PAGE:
AZTEC — Efforts to build a road to relieve Aztec's Main Avenue of heavy truck traffic are inching along.
On Tuesday, Aztec City Commissioners unanimously — albeit reluctantly — approved spending $22,000 to fund design plans for an extension of Legion Road to meet federal and state funding requirements. The 28-foot-wide gravel road extension would satisfy funding requirements to move along completion of Phase 1B — the fifth stage — of the arterial route.
Huitt-Zollars Inc., a firm in Rio Rancho, was awarded the contract to provide the city with a design base map for $3,500, a drainage report for $2,500, construction documents for $14,000 and bid phase services for $2,000.
But that price tag — and the requirement that it be spent — was a bitter pill for the city to swallow.
Commissioner Sheri Sipe echoed the city's frustration over having to spend money on a stretch of road that has no direct relationship to the 10-year-old project, aside from the fact that, once extended, it will intersect with the bypass route.
The Federal Highway Administration and state Department of Transportation have jointly required that the city create an intersecting road along the arterial route to qualify for funding. The requirement is rooted in a federal requirement that road projects connect to an existing road to be approved.
Last fall, Aztec Projects Manager Ed Kotyk was alerted by the state's transportation department that the city would not be able to count on grant funding without the intersecting road. The city could not foot the $9 million bill for the entire arterial route in one payment and instead had to approach the route piecemeal to make paying for required studies, designs and construction possible.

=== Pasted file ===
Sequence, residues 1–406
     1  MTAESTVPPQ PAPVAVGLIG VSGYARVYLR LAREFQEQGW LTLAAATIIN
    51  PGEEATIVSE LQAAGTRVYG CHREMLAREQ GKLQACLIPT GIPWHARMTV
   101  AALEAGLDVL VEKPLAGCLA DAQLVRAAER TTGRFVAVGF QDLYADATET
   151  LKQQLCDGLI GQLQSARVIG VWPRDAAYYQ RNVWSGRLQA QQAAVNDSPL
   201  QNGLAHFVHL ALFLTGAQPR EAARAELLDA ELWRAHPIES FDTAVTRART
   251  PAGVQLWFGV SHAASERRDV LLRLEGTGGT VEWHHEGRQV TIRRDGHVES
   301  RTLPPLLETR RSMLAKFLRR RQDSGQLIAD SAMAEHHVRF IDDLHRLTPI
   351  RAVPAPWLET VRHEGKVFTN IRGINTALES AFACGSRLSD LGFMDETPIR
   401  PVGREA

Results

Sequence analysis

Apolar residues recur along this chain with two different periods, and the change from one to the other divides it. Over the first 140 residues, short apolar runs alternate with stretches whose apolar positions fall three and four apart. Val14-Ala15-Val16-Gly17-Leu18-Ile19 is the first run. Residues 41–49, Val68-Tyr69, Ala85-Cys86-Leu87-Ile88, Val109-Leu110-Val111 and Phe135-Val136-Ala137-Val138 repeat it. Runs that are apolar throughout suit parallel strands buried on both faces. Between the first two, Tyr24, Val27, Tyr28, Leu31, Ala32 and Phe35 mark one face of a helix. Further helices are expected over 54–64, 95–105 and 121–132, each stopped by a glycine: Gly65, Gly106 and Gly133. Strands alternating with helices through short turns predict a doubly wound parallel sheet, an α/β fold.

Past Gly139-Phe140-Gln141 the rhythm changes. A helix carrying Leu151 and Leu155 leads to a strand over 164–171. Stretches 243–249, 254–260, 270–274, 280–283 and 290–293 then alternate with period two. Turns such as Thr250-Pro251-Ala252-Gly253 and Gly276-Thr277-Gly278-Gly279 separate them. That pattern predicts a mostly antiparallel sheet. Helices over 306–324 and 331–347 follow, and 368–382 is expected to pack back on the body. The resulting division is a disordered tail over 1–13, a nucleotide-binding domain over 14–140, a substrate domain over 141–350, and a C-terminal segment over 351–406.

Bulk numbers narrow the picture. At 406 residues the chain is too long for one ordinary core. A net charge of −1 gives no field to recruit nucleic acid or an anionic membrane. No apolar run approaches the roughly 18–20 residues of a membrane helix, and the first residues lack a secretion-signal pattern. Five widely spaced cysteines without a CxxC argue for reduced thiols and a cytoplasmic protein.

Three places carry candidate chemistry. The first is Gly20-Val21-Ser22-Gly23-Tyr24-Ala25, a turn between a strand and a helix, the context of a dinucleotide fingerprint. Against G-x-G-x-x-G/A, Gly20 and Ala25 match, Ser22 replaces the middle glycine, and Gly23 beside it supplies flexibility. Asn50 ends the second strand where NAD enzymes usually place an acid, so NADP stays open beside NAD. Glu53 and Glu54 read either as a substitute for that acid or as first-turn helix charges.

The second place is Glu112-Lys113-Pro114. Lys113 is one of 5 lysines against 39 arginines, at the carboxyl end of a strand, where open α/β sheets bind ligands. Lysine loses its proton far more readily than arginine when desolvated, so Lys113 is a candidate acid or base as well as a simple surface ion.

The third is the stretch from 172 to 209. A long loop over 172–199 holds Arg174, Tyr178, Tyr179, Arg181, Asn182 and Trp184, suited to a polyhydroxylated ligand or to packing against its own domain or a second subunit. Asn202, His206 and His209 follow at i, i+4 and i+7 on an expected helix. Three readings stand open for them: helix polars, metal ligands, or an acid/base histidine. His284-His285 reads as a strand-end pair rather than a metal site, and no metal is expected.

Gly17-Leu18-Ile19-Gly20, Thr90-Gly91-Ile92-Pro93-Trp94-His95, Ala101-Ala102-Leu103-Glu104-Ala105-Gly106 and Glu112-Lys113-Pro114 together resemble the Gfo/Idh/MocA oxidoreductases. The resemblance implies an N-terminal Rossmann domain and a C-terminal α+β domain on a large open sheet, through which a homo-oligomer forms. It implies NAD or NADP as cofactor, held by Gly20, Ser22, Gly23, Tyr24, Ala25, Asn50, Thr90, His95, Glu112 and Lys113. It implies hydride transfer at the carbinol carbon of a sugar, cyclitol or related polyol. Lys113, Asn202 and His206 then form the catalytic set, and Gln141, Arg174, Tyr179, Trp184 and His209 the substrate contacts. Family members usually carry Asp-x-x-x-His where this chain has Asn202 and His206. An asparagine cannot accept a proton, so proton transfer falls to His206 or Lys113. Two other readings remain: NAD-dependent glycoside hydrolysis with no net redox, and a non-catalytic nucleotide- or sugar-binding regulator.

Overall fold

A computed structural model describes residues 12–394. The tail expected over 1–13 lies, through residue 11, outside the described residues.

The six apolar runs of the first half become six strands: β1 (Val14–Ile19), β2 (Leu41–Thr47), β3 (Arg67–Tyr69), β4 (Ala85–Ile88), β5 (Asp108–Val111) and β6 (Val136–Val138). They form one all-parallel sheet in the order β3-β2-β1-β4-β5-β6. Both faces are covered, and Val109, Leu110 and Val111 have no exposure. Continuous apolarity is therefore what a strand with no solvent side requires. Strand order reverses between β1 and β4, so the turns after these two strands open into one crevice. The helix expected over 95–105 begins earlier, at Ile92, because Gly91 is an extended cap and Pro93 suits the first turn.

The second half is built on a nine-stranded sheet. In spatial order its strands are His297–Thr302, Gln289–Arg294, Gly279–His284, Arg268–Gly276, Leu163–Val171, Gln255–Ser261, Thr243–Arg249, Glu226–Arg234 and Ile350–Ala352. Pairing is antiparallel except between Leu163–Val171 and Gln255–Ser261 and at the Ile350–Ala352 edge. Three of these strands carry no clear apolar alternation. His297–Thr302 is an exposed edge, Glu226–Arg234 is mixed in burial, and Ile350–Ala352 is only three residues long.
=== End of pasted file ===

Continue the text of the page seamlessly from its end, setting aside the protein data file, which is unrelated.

Sipe held up the vote on spending the money to make a point that the city had not budgeted the money for roads other than the route itself.
"So where's the money to construct (the extension of Legion Road) going to come from?" Sipe asked.
City Manager Joshua Ray matched Sipe's incredulity with his response.
"We didn't foresee this," Ray said. "We hope that zero dollars come from budget to fund this. If we do not receive the money (through outside funding sources), we'll have to fund it through money that we have."
The approved expense will come out of the city's general fund contingency budget, unless outside help from the governor's office through an appropriation or another funding source is secured.
For Legion Road to meet the planned arterial route, the road that primarily provides access to the Aztec Speedway will require an added 2,300 feet, or about $9.60 for each added foot of roadway.
The city's willingness to undertake the expense of building a gravel road to meet a federal requirement was only to continue moving closer to the arterial route's construction.
"We don't have any money earmarked for this pointless road," Ray said. "Hopefully, if we receive full funding we won't have to."